Getting your Home on the Market

Getting your home on the market

Some things to consider when getting ready to sell your home

Entering into “The Market” felt daunting, so can pricing, listing and selling your home. Here is some perspective from a homeowner.
The Market” is just a person
You can probably recall the mounting pressure you felt leading up to your first home purchase. Perhaps some friends were “hitting the market” or “in the market”, moving out of their rental and into their first-time home – you were happy for them, but definitely had some FOMO.
You may not have known exactly what it took to “get into the market” (but probably figured you’d need a big ol’ bag of money), so you did what any normal person would do – you asked Google.
After scrolling by a few pages worth of ads, you then probably did the next normal thing and consulted Mom or Dad, an uncle, a prof, your local barista, or any of the dozens of realtors in your friends of friends network.
With a barrage of personal opinions, contradictions, and anecdotal evidence taking up space in your brain you officially deemed yourself ready to hit “the market” (for the purpose of this exercise, we’ll fast forward through the vomit-inducing elements of asking the bank to buy you a house – we’ll cover that another time).
Becoming market ready might have felt a little unceremonious – you didn’t get a badge like you might have in Girl Guides or Boy Scouts – you felt like you were just getting ready to go shopping. You were. There was nothing mystical about it – good or bad, right or wrong – you were still regular you, but now you were ready to buy a house. You were “in the market”.
Skipping by the romantics of finding and moving into your place, your housewarming party, first Christmas, dinner parties, movie nights, etc. etc. etc. – life happens and now you’re ready to hit “the market” again. You think, “buying a house was easy – but I’ve never put a house on ‘the market’ before – how do I put a price on my house?!”.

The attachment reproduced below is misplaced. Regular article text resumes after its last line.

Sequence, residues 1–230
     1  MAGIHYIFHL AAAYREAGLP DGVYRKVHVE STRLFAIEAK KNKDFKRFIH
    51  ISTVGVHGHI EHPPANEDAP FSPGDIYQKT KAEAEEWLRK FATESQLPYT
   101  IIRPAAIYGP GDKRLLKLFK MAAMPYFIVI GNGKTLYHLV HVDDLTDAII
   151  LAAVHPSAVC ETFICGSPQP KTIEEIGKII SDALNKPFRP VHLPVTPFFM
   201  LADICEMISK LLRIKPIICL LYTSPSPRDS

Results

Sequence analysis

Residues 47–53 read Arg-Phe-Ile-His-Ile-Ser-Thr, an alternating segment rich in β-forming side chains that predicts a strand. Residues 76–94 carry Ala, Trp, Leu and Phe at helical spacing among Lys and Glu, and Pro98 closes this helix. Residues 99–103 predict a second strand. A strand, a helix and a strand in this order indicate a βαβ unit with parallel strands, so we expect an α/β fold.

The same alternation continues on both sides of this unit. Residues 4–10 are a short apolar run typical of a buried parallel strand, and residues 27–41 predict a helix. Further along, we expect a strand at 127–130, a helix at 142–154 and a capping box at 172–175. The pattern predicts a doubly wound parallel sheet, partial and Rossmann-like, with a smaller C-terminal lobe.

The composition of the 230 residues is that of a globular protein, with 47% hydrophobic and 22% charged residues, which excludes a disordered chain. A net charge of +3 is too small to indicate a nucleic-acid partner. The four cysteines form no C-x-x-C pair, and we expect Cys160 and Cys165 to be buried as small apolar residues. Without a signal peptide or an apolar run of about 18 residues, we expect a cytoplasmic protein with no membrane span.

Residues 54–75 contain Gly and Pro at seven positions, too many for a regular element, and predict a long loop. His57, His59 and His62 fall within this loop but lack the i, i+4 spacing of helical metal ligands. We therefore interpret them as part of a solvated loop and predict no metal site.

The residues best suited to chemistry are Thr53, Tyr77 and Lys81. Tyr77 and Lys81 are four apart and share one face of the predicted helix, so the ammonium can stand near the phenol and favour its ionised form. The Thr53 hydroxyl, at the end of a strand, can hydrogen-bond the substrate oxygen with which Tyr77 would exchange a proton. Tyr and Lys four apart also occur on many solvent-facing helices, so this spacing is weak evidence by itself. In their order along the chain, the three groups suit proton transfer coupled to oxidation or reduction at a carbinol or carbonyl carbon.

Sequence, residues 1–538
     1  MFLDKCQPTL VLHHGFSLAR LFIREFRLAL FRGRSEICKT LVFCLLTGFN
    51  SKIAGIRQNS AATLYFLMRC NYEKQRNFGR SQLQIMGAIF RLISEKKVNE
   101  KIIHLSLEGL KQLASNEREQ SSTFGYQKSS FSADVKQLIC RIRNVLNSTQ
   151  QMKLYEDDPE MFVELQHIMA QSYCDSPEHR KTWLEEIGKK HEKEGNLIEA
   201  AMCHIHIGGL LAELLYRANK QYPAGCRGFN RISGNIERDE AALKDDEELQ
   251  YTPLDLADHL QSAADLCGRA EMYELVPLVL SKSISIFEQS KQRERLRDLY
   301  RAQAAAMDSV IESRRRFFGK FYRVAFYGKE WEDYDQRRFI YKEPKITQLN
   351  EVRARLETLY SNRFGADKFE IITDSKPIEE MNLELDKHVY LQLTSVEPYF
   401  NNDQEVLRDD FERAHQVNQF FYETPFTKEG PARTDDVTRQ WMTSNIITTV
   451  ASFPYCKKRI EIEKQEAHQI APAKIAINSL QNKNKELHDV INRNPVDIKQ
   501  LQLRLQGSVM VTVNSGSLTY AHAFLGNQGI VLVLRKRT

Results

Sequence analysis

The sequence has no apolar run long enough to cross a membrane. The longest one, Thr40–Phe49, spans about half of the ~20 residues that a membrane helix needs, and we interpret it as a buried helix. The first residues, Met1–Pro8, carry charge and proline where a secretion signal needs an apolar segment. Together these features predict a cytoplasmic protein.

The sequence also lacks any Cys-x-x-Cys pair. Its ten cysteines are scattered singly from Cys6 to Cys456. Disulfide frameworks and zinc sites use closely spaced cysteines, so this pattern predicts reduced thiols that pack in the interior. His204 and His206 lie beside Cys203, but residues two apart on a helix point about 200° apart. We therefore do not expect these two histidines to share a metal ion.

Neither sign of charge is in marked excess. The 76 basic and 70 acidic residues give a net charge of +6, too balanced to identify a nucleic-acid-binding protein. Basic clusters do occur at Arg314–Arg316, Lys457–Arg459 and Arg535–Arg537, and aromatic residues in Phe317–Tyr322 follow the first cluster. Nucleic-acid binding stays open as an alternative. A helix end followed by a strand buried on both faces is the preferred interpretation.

The concept of Real Estate and the Real Estate Market can seem cumbersome, complex, and even scary; but here’s some simple and refreshing news – you’re not selling your house to “the market”, you’re selling your house to a person. And just like when you set out to go shopping for your first house only to find out that buying wasn’t the stressful mountain you had made it out to be – you’re likely to come to the same conclusion with selling.
Similar to when you purchased the house you’re now listing, prospective buyers are shopping for homes and assessing location, size, condition, nearby amenities, and naturally (drum roll please)… price.
The location and size of your home are almost certain to be the same as the day you took possession (failing a substantial renovation of course). We’ll also say for argument’s sake that you’ve done what you can to put your home’s best foot forward for presentation and as such the condition is comparable to your move-in date. The parks and schools nearby are likely still intact, and the coffee shops and neighbourhood storefronts have changed to a degree but continue to provide similar offerings.
Now, how much should you put on the price tag?!
Does “the market” tell you where to price your house? Like all good existential questions – yes and no. If yes, who is she and how do I get in touch with her? If no, who does?!
Well, when you purchased your home, you were the only person to buy it – at that time, you and the previous seller mutually agreed to a price that was acceptable, you exchanged a contract, and you became the homeowner. In effect, the two of you dictated the price – irrespective of the list price. You were “the market”; you evolved from shopper, to buyer, to owner.